If subsidies are distortionary and reduce welfare in perfectly competitive markets, are they necessarily so in markets which are not competitive? Is there a generally accepted economic argument for their removal? The answer is no. Almost fifty years ago, Richard Lipsey and the late Kelvin Lancaster showed that in an economy characterized by many market imperfections, there is no guarantee that the removal of any one such imperfection will improve social welfare. This is the theory of the second best. As the development economist Paul Mosley of Sheffield University, UK observed ?? any ?structural adjustment programme? ? i.e., programme to remove a cluster of such imperfections is therefore not an application of economic principles but rather an improvisation, a gamble based on the premise that if past microeconomic policies have yielded unsatisfactory results, an alteration of those policies may help.? Let me present an illustration of second-best theory. Suppose there is a market imperfection, for example, there is only one firm or very few firms in the market. Typically, the equilibrium quantity in this market will be below the perfectly competitive equilibrium quantity. For example, the equilibrium quantity when the seller is a monopolist is lower relative to the quantity in a perfectly competitive market since monopolies charge higher prices. Therefore, a subsidy, by reducing the price of the commodity, may increase the consumption of the commodity towards the equilibrium (perfectly) competitive quantity, given that output was initially too low. Indeed, an appropriately chosen subsidy will move the economy towards the perfectly competitive equilibrium quantity. This increases social welfare. This benefit must be balanced against the cost of the subsidy, which also includes the cost of financing the subsidy through distortionary taxation. But the main point is that we cannot necessarily conclude that the subsidy will reduce social welfare unless we know the relative magnitudes of the costs and benefits. The theory of the second best suggests that if there are irremovable distortions in some sectors of the economy, then economic performance or social welfare may be higher if free-market pricing principles are deliberately violated in other sectors of the economy.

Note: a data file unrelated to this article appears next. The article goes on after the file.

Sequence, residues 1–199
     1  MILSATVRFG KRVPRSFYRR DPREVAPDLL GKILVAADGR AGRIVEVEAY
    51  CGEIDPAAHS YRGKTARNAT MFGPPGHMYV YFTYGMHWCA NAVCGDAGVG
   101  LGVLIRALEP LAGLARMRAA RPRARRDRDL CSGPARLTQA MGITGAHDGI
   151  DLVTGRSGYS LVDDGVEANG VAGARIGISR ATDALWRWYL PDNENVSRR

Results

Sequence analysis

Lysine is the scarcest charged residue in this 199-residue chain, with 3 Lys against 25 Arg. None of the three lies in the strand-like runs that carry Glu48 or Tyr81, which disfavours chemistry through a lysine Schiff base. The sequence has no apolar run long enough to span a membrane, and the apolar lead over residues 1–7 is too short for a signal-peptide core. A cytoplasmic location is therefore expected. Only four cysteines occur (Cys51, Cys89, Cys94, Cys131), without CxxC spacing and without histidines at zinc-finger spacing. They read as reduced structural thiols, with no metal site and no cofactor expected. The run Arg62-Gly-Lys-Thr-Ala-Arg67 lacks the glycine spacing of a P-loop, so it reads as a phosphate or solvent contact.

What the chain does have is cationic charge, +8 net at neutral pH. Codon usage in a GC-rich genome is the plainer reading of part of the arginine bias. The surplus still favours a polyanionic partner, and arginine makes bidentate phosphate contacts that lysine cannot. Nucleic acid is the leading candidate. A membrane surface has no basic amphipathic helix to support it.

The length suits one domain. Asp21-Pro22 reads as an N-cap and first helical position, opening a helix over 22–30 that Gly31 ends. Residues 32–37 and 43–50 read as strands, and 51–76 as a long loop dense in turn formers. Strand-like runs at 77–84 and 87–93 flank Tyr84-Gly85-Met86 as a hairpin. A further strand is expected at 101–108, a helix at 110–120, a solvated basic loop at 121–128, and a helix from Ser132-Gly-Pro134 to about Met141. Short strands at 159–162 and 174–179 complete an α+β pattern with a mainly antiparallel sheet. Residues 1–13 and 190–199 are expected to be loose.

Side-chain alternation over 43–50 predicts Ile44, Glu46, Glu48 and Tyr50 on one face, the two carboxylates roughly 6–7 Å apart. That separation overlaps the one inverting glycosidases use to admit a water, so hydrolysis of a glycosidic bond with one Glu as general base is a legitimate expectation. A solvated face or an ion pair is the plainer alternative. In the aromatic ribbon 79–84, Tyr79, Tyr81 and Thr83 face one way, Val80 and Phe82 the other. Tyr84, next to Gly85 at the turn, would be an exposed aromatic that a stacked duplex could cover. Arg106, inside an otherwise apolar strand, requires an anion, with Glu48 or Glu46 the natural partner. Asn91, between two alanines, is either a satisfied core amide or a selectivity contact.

There is yet another reason why the removal of subsidies may not enhance economic performance. Subsidies may be used by governments to redistribute income from the rich to the poor. For example, subsidies on kerosene in Ghana serve this purpose, since kerosene is typically used by the poor. Indeed, redistribution can enhance economic efficiency in certain situations. Harvard economists Alberto Alesina and Dani Rodrik showed that income inequality had an adverse effect on growth. They argued that in more unequal societies, economic growth is lower because the demand for fiscal redistribution financed by distortionary taxation is higher. Income inequality also fuels social discontent and increases socio-political instability. The uncertainty in the politico-economic environment reduces investment which reduces growth.

My goal is not to argue for or against the removal of subsidies. My main argument is that since there is no compelling theory to support the removal of subsidies, the World Bank and governments in developing countries should implement this policy cautiously and should do so on a case-by-case basis. Indeed, the World Bank does not impose these conditions on the developed nations. Why? Clearly, there is a double standard. The removal of subsidies should not be a one-size-fits-all policy prescription for developing economies because there is nothing in economic theory which unequivocably supports this policy. The public must be educated and informed about the pros and cons of this policy on a case-by-case basis including the alternative uses of tax revenue if the subsidy on a specific commodity is removed. For example, the removal of subsidies on health may have entirely different implications than the removal of subsidies on petrol.

Those who wish to play politics with this piece will only see one side of the story. On the contrary, this piece calls for pragmatism, balance, and common sense. Finally and perhaps, more importantly, the World Bank will not be able to tell us what do if we put our house in order. For the sake of our children, grandchildren, and our own pride, let?s get rid of any canker of corruption, nepotism, incompetence, and apathy in our house. That way, we wouldn?t have to depend on the World Bank.

*J. Atsu Amegashie is an economics professor at the University of Guelph, Canada.

Views expressed by the author(s) do not necessarily reflect those of GhanaHomePage.